I’d heard a little bit about electric engines. But having relied on our 350-pound trusty 1969 Volvo MD2B iron genny for close to two years on a cruise from San Francisco to Charleston, I admit to being among the naysayers when it came to the idea. Despite a long litany of mechanical misadventures—an oil change that had inadvertently shot out hot oil over sail bags in California, a blown head gasket in Mexico, and an extensive repair in Florida that involved my cradling the piston in my hands—when the wind dies, for me that's always meant turning to internal combustion engines (oars aside), simply because there hasn’t been too much of a choice.
The trimaran had been essentially disassembled into five pieces, rebuilt, reassembled, painted, and now stood ready for her first voyage. "It was an expensive way to get a new boat, although in the end it was actually cheaper than buying new," said Ted Turner Jr. of the refitted vessel that is now the flagship of his new boatyard. Originally designed for transatlantic races, Troika is 14 years old, and the major work done to her—reinforced floats and bulkheads, new sails, and power plant—are likely to see her through plenty of sailing seasons to come.
So what powers the batteries, you ask? A variety of things can serve to keep the batteries up to charge. On cruising boats, solar panels and a wind generator can contribute to keeping the motor running if need be. On Troika, a performance-oriented trimaran, a Panda 4KW generator ensures that the voltage never falls below a critical level. The generator uses a quart of diesel an hour, and automatically kicks should the voltage fall below 11.4 and shuts off after charging. The generator also has its own starting battery.
"In theory, you can keep the boat at the dock and it should take care of itself," said Spence. Additionally, since the configuration of the batteries means there is no need for a shorepower plug, you can just plug it into a 110 volts. "We think if we were motoring for 24 hours, the generator would run for about half that time."
Even when motorsailing, the system can discern the difference between motoring up a wave and surfing down it, and transfer energy to the battery banks. The engine is also more efficient when it comes to horsepower ratings. Inboard combustion engines usually have all sorts of horsepower-robbing pumps, compressors, and alternators connected to the fly wheel by belts. The Electric Wheel side-steps these parasites, and with less energy lost via these and the transmission, the torque is directed where you want it, at the propeller. A 98-lb six-horsepower motor can replace a 20-to-30 horsepower motor, and a 10-horsepower electric model can replace a 30-to-40 horsepower engine.
"When it’s on you hear things you’ve never heard before," said Spence, who’s company is looking forward to installing more of these units in the future, "like the shaft in the cutless bearing, and the prop spinning, which is ordinarily drowned out by the engine." And with no transmission, one can shift from full forward to full reverse without a pause.
The Electrical Wheel is available to fit the engine mounts of several types of engines. But it’s not something the average person would be able to drop in themselves. There’s a lot more circuitry, according to Spence, and alignment concerns remain the same, although vibration is more of a whirring nature and less of a chunk-chunking. You’re not likely to be able to take it apart and repair it, if some kind of glitch in its 80,000 to 100,000 maintenance-free design life does crop up while you’re marooned on a South Pacific island. So how much for one of these gizmos? Spence estimates about $5,000 in labor, $9,200 for the generator, $8,000 for the electric motor. And while those numbers might initially seem daunting, you could expect to drop something in that neighborhood for a diesel engine and generator if you were repowering your boat, and still have exhaust fumes, noise, and a fossil fuel mentality.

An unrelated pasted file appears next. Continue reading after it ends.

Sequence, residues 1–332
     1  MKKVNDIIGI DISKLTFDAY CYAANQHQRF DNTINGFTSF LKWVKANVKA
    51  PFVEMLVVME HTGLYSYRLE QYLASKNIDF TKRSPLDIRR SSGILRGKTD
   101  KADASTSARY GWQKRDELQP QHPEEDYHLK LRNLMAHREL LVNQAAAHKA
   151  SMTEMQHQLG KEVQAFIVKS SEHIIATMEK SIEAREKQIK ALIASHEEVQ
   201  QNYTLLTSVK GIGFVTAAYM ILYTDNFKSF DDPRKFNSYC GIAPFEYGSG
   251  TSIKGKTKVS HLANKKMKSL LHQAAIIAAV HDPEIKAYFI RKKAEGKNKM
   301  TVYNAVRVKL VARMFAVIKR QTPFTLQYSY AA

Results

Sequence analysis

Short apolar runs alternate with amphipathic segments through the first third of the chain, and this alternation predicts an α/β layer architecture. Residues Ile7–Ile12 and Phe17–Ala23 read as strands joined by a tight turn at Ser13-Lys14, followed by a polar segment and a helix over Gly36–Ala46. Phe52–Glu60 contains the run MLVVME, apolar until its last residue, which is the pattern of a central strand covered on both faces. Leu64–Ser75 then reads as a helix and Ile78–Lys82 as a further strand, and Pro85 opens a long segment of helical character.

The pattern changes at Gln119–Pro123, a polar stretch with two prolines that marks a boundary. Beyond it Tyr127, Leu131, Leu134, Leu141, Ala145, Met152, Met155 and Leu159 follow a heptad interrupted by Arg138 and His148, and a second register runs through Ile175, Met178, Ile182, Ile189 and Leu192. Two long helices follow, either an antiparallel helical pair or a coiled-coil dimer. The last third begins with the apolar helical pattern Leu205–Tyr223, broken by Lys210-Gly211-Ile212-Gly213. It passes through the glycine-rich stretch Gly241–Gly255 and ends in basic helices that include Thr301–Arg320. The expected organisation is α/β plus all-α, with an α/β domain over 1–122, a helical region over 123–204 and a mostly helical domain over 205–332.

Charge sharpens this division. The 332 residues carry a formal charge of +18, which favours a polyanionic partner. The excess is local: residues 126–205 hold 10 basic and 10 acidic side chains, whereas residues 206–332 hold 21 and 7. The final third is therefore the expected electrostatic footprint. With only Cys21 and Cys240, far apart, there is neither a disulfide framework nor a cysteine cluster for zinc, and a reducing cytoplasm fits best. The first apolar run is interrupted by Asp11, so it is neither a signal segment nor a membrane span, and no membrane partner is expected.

Going to the SourceThe Electric Wheel was first patented in 1991 by Solomon Technologies, and the Benedict, MD-based company has gone on to work with NASA in getting the Mars Rover Sojourner rolling across that planet’s forbidding terrain and in its inhospitable conditions on its mission in 1997. If the technology is good enough for martians, it may just be good enough for you too.
The manufacturer of the Electric Wheel claims a lifespan three times greater than that of the average diesel engine. Twenty-three electric wheels are currently (no pun intended) whirring along in mono and multihulls ranging from 24 feet to 50 feet. Optimum performance of the Electric Wheel is achieved with a 144-volt system, typically fueled by twelve 12-volt batteries. Currently Group 27, 31 or 4D batteries are being used. The life cycle of batteries is dependent on their use, and when properly maintained, the life cycles of the batteries exceeding five years can be achieved, according to the company’s website. The average installation takes about five days, not including a day or two to remove the old engine and spruce up the engine room, and silent power is warranted for five years. For more information see www.solomontechnologies.com.
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